Shana Tova Umetukah!! – A Good and Sweet Year!
Happy New Year? Well not exactly, its never that simple when you are a Jew! Rosh Hashana is not the first day of the Jewish calendar year – Rosh Hashana is much more than that. Here is some help for my Jewish and Non Jewish friends on the importance of the day and the Asseret Yemei Teshuva – 10 Days of Repentance.
To everyone, my blessings for a year of peace, health and prosperity. L’shanah tovah tikatev v’taihatem – May you be inscribed and sealed for a good year. Baruch Hashem.
Rosh Hashanah occurs on the first and second days of Tishri. In Hebrew, Rosh Hashanah means, literally, “head of the year” or “first of the year.” Rosh Hashanah is commonly known as the Jewish New Year. This name is somewhat deceptive, because there is little similarity between Rosh Hashanah, one of the holiest days of the year, and the American midnight drinking bash and daytime football game.
There is, however, one important similarity between the Jewish New Year and the American one: Many Americans use the New Year as a time to plan a better life, making “resolutions.” Likewise, the Jewish New Year is a time to begin introspection, looking back at the mistakes of the past year and planning the changes to make in the new year. More on this concept at Days of Awe.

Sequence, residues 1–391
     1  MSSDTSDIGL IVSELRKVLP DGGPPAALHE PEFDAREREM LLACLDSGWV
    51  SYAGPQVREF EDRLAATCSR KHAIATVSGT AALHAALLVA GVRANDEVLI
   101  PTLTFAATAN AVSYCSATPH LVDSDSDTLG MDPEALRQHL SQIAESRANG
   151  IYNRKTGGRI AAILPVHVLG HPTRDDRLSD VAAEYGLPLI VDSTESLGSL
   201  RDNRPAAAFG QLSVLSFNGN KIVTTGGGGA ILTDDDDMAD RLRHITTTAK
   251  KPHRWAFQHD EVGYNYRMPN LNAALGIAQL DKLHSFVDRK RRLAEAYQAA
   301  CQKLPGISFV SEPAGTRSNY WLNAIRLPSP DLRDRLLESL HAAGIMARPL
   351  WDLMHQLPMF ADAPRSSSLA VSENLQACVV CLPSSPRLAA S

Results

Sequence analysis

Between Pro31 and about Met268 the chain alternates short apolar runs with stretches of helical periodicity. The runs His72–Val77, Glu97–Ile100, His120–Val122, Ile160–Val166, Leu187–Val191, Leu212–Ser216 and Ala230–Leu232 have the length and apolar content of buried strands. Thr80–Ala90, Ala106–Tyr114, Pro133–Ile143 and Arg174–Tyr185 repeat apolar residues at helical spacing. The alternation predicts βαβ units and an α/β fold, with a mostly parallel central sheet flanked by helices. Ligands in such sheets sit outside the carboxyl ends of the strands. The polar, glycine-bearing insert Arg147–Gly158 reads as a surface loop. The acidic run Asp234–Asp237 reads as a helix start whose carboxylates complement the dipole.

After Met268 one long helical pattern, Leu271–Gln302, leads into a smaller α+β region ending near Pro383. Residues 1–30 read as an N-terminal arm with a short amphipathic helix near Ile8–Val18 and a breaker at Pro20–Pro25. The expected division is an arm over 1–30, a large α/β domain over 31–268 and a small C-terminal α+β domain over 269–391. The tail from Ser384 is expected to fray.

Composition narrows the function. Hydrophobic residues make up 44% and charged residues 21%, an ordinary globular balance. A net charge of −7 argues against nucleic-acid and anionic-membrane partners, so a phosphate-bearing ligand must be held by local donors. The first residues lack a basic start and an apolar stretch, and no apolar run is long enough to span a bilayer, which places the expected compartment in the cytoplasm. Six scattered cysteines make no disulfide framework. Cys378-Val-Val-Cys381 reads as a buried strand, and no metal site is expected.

The name “Rosh Hashanah” is not used in the Bible to discuss this holiday. The Bible refers to the holiday as Yom Ha-Zikkaron (the day of remembrance) or Yom Teruah (the day of the sounding of the shofar). The holiday is instituted in Leviticus 23:24-25.
The shofar (rams horn) was sounded at Mt Sinai calling all Jews to witness – The blast of a shofar emanating from the thick cloud on Mount Sinai made the Israelites tremble in awe (Exodus 19, 20). The shofar will not be sounded this year on Rosh Hashana as it falls on the Sabbath. So here is a vid of Cantor Warshawsky, who was the Cantor at my shul in Baltimore blowing the shofar – like few others can!